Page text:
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Old 03-18-2014, 06:43 AM   #21
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I store my battery in the garage over the winter. Batteries that have frozen aren't good batteries for long.
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Old 03-18-2014, 06:58 AM   #22
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If you don't want to pull the batteries and put them in the basement or some such (which is what I'd do) then Ron's idea of the small solar trickle charger is a good one if you can set it up at the storage lot. In my area my concern would be theft, of the batteries and the charger.
Amazon.com: Sunforce 50022 5-Watt Solar Battery Trickle Charger: Automotive

On edit: I heard freezing temps don't bother "fully" charged batteries.
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Old 03-18-2014, 07:30 AM   #23
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Quote:
Originally Posted by padlin View Post
On edit: I heard freezing temps don't bother "fully" charged batteries.
This is true, or our vehicle batteries would fail.

I have pretty much always kept the batteries in my trailer over winter. You either need to periodically check and charge them if necessary, or just keep a trickle charge on at all times. I have checked mine a couple times a winter, and found the if disconnected, have dropped very little in voltage.

I have once before, due to neglect, frozen a somewhat discharged battery, and had to replace it in the spring.
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Old 03-18-2014, 11:46 AM   #24
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It would take severe and prolonged cold weather to truly freeze a battery, and I think testimony from someone who lives in Calgary should allay any concerns about winter battery care.
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Old 03-18-2014, 03:10 PM   #25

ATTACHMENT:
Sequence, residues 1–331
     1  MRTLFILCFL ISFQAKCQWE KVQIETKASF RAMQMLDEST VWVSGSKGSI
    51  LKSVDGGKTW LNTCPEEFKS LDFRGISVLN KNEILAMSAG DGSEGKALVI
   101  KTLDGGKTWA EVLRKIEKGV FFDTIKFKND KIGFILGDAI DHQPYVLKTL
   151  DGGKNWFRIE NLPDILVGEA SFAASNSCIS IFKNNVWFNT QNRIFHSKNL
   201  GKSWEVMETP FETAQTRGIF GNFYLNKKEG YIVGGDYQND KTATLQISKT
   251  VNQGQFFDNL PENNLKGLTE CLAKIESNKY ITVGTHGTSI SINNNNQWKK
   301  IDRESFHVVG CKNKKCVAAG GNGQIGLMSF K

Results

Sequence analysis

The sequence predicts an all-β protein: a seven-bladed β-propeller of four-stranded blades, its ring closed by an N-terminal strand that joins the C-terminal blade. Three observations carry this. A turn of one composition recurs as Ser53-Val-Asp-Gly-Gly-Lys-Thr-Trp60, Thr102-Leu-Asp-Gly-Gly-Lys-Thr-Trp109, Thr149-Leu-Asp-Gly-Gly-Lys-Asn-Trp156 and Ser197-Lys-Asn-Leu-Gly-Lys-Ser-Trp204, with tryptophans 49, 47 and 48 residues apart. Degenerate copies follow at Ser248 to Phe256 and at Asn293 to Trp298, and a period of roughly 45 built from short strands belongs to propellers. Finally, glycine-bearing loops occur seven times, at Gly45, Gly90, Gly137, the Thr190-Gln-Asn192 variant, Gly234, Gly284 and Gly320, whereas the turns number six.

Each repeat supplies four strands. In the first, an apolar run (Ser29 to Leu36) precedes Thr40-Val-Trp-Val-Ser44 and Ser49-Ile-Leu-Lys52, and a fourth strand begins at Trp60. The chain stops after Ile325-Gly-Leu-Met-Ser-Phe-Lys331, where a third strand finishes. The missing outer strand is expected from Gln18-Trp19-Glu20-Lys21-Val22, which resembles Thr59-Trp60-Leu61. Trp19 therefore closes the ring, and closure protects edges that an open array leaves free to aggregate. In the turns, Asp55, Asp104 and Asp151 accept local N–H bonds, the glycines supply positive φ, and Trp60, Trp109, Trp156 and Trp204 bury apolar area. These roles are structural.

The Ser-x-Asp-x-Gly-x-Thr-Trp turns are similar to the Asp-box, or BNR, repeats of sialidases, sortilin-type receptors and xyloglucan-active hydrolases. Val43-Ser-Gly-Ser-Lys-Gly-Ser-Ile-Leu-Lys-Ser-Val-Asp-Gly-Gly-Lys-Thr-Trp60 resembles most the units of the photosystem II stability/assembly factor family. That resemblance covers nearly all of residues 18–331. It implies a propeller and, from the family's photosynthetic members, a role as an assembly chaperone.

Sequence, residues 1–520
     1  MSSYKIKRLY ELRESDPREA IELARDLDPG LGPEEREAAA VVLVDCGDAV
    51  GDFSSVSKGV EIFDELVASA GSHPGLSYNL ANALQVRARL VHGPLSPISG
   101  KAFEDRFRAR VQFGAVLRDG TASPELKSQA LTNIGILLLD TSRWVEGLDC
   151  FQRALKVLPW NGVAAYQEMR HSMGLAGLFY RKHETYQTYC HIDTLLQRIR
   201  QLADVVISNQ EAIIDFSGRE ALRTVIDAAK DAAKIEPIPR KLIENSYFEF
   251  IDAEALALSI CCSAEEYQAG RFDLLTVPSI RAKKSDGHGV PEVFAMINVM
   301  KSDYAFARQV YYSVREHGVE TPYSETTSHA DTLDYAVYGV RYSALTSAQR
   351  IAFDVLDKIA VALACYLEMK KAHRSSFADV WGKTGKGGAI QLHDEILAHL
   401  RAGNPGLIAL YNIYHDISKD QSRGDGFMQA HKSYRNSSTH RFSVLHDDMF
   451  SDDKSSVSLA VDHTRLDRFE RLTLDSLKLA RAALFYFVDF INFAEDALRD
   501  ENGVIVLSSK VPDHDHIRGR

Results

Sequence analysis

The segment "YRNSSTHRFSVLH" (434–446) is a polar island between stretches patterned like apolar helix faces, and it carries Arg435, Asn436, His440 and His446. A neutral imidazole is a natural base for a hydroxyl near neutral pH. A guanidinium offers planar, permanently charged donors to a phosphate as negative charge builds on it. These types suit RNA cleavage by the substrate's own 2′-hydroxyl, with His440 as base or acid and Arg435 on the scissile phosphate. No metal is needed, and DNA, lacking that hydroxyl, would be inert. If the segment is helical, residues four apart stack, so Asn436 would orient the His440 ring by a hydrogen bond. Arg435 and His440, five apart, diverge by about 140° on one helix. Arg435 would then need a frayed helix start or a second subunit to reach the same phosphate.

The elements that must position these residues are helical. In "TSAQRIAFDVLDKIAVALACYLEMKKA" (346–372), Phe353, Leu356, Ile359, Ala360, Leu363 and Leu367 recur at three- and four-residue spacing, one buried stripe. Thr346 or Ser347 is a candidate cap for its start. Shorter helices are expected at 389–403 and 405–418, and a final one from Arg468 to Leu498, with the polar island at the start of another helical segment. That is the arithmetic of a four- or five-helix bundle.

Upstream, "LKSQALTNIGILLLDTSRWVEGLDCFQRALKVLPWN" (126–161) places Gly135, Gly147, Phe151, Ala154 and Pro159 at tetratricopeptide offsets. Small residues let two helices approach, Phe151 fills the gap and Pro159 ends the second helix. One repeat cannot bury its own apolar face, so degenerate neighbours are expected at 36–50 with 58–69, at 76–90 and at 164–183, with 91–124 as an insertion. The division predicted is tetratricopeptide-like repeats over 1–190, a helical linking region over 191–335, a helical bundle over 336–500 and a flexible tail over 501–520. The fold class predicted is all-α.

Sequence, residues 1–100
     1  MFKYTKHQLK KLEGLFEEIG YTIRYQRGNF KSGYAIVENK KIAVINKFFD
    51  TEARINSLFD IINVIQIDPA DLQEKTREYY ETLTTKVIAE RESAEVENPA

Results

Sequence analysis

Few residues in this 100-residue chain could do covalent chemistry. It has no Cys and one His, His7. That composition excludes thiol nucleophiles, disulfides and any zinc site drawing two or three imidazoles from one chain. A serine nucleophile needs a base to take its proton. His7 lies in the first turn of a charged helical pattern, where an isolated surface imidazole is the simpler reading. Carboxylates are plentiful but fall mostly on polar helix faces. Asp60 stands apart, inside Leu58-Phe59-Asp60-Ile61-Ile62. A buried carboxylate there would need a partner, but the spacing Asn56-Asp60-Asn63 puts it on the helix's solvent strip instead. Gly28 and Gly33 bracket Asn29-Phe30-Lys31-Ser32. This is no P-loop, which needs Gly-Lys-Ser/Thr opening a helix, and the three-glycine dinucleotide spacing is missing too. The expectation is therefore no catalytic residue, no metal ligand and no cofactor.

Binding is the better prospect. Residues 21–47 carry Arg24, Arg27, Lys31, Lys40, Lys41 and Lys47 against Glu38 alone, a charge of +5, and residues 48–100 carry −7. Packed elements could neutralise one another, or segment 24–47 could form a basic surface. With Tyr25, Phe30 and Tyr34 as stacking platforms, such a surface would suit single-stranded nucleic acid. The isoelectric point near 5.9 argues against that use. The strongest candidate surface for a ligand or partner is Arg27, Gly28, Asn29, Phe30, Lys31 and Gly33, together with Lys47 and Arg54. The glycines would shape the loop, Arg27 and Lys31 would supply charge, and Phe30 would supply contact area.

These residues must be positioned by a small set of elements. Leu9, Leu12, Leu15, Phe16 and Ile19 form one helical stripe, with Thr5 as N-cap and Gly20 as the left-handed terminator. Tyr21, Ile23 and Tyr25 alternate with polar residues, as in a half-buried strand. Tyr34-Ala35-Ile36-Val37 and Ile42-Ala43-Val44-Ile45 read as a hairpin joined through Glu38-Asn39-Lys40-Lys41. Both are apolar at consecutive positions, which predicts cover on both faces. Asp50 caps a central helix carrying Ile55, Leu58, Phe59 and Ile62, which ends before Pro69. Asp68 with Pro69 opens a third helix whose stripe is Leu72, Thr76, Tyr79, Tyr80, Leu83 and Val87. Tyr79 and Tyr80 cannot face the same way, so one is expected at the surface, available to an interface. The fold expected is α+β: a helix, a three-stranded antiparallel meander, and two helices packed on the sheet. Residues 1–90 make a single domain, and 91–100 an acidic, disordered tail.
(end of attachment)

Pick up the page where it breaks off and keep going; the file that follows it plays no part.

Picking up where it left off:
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Frequent use and frequent charging is what keeps my vehicle batteries happy! I'm not putting them on an external charger, but just driving the vehicle as I normally do and the alternator does what it should.
I've got a little Miata that sits in garage over winter. I try to get out at least once a month and start it, let it warm up really well then shut it down. Late in the winter, I find that that once a month start just isn't enough and the battery slowly drains down. This year I put a small solar trickle charge on the wall of the garage and ran it to the car. So far it seems to be holding up fine.
For next winter, I am thinking of leaving a solar trickle charger in the trailer on the table by a window that gets some sun and see if that helps to keep the batteries charged and happy.
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Old 03-18-2014, 03:35 PM   #26
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I like Jim Bennett's summary. Also, a battery will self-discharge (when not connected to anything) more quickly if it is warm, so if you dump it in the basement and ignore it, it will go flat even faster... but at least not freeze!

I have left cars outside for weeks and even months at a time outside, and rarely had issues. I think that a whole winter season for a trailer calls for some attention, as Jim describes.
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Old 03-18-2014, 06:21 PM   #27